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Discussion Starter · #1 ·
OK, I got a dumb questio. Took my DD (2001 Honda Accord) in to have some work done. The dealer says the rotors aren't covered under warranty (regardless of the fact that pads are fine). He quotes me $105 to turn all four. After picking my jaw up off the floor, I tell him I can get it done for $10/rotor at my local shop. Bubba says that Honda requires the rotors to be turned on the vehicle.

My question: Why turn them on the vehicle? Why is that better?

Thanks...
 

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Sounds like a perfectly good reason to make the jeep your daily driver!

Actually the Rotors are press on rotors that require special tooling to remove and replace. Dont you feel better now!


 

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If the pads are fine why is he wanting to turn the rotors, other than to make $$$?

If he thinks they're warped, I'd say manufacturers defect. What's the mileage?
 

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Discussion Starter · #4 ·
Thanks Adam, I would drive my CJ daily, but have ya ever BEEN stuck on 285 without A/C? That makes sense.

Taz, I told him to turn the rotors, they were warped (i.e. violent shake when braking at high-speeds). I'm one of those dangerous people, I know how things SHOULD work and the big picture fix, but I don't know the details behind some of this new-fangled technology.
 

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Hey Herb, here's a little personal history to ponder. '86 Accord Lxi had that same shimmy, so I R&R'd the front brakes. $45 to have the rotors turned. WTF
? I used to do it when I worked at a service station for $10 a pop. Anyway, next time the brakes needed service, I checked at the local "Zone". Only $13 each for new rotors! Haven't had them turned again any vehicle since. YMMV
 

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I'd have him run a dial indicator on them to find out if they're warped. If they are, I'd say warranty would cover it. If the warranty won't allow them to be turned, then they have to REPLACE them under warranty.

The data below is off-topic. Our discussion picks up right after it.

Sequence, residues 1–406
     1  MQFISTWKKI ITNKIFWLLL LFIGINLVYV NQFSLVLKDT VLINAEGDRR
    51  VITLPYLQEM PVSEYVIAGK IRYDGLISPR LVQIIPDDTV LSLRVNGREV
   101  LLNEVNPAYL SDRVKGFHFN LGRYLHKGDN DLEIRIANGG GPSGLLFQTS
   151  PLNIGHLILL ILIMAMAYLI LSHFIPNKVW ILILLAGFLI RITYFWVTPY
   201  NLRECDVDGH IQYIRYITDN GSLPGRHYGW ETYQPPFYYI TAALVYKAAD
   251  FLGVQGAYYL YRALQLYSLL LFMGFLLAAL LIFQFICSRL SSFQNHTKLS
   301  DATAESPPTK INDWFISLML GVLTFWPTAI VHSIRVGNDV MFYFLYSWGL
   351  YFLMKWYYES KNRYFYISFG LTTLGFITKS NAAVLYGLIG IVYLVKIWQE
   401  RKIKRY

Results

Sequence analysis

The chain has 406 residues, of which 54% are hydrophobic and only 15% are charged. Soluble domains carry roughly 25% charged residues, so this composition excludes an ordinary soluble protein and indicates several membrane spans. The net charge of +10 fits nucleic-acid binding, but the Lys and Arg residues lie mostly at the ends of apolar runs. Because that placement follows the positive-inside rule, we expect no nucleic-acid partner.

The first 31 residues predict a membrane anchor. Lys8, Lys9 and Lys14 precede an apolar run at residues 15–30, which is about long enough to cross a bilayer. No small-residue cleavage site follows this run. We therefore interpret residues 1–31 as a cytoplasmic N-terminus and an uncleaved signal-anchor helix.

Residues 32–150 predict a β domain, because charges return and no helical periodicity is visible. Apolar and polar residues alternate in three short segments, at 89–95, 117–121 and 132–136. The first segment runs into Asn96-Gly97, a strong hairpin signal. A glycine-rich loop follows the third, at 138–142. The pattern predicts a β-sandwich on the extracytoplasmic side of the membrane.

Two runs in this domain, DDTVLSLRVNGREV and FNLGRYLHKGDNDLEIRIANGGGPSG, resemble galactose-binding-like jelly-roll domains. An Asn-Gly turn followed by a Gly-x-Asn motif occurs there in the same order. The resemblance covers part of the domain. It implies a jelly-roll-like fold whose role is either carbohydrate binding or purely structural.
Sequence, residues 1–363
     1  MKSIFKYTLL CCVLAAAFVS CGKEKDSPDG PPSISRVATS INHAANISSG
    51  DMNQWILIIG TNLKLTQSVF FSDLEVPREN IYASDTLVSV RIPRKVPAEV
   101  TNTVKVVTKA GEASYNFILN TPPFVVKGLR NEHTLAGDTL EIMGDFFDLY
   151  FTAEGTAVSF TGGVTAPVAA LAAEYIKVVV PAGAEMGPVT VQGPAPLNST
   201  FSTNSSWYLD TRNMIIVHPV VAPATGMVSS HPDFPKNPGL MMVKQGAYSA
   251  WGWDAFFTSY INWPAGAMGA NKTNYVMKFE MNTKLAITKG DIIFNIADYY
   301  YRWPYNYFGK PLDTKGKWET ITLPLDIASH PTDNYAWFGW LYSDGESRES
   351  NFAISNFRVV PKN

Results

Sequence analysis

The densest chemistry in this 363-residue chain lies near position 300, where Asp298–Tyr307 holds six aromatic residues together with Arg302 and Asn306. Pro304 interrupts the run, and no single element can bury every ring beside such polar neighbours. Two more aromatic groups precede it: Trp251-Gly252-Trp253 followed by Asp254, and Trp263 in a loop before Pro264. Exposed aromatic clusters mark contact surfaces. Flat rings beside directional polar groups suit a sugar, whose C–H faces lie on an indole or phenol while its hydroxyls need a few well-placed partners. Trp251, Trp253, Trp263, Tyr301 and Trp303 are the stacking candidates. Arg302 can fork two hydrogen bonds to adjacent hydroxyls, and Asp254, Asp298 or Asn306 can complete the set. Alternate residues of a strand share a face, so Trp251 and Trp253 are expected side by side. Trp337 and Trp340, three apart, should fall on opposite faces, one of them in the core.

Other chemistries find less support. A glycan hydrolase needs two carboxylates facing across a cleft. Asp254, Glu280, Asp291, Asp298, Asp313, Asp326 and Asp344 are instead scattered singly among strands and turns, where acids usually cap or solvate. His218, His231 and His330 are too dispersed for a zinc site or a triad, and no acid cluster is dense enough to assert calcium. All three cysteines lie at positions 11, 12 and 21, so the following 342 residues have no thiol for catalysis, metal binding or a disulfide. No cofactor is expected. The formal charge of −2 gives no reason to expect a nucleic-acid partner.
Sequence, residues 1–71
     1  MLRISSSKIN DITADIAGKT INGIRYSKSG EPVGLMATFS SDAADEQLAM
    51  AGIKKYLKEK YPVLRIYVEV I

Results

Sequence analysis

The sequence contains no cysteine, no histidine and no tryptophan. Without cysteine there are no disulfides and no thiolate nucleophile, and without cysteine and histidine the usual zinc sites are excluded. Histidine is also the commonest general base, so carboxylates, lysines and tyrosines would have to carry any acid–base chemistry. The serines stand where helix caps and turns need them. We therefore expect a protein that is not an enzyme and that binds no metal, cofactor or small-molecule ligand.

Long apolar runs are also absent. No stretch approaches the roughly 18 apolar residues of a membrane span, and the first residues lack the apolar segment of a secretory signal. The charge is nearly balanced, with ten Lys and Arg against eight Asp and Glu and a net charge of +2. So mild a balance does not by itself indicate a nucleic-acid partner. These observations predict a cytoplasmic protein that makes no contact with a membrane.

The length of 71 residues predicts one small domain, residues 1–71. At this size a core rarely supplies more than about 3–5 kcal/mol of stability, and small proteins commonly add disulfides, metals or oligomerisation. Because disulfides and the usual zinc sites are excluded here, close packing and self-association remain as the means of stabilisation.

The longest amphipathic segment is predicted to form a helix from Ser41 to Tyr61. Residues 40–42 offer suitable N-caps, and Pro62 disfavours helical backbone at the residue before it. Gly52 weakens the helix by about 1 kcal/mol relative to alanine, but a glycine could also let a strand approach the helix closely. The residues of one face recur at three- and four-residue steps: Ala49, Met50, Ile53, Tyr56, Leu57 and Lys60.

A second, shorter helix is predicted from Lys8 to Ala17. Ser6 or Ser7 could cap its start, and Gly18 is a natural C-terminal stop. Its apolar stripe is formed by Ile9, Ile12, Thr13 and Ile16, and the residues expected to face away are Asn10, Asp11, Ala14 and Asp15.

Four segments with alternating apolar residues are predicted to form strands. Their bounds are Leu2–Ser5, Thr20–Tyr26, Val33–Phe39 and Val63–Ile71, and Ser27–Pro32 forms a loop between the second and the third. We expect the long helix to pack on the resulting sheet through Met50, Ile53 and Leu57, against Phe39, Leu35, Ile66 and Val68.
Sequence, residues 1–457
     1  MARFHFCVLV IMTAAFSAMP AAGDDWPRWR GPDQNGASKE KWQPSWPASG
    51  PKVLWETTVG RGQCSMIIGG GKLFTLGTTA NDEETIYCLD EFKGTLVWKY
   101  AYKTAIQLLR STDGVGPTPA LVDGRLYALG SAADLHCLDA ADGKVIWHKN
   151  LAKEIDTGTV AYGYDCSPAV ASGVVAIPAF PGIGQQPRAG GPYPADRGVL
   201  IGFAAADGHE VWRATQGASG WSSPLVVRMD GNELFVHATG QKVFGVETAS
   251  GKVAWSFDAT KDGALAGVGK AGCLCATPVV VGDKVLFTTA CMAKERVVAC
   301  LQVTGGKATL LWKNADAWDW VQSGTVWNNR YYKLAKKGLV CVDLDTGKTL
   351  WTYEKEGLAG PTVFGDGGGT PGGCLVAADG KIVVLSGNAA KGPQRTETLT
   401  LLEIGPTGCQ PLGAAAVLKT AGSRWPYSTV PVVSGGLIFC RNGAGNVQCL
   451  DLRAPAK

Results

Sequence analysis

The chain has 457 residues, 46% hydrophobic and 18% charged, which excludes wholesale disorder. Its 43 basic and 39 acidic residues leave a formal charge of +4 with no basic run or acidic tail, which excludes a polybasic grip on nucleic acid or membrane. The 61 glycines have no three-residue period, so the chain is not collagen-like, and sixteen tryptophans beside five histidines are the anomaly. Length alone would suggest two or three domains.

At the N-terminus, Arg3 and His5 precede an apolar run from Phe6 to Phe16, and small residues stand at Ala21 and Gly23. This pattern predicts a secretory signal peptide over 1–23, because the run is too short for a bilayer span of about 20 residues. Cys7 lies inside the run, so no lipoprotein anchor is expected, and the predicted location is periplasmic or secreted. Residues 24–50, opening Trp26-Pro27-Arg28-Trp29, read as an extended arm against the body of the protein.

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The reason the rotors must be turned on the car is because some genius at the Honda development facility decided it would be a great idea to bolt the rotor to the BACK of the hub. This means that in order to remove the rotors you must press the hub out, which usually destroys the bearing.
Go to any larger brake shop(Pep Boys, Mieneke, Midas,etc.) and they can turn them cheaper. If you are fighting a shimmie in the steering wheel during brakeing, you only need the front turned. If it is felt in the pedal, you can check to see if it is the rears by driving at the speed it occurs at and LIGHTLY applying the park brake. This activates the rear brakes only by mechanical means. If it shakes only with the park brake, it is the rears.
Oh ya, it is usually a good idea to replace the brake pads any time you machine rotors due to the different smoothness between the old pad and new rotor face not giveing as good contact surface. In the same line, its a good idea to resurface rotors when replacing pads for the same reason.

Hope this helps......
 

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In reply to:

… because some genius at the Honda development facility decided it would be a great idea to bolt the rotor to the BACK of the hub
I think I've seen that done on something else.
 

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What would it take to just replace the offending rotor(s)?

My usual frustration is that about 5,000 mi after I turn rotors, they are even worse than before. I just decided it was better to buy new ones if I could.

Best of luck

John
 
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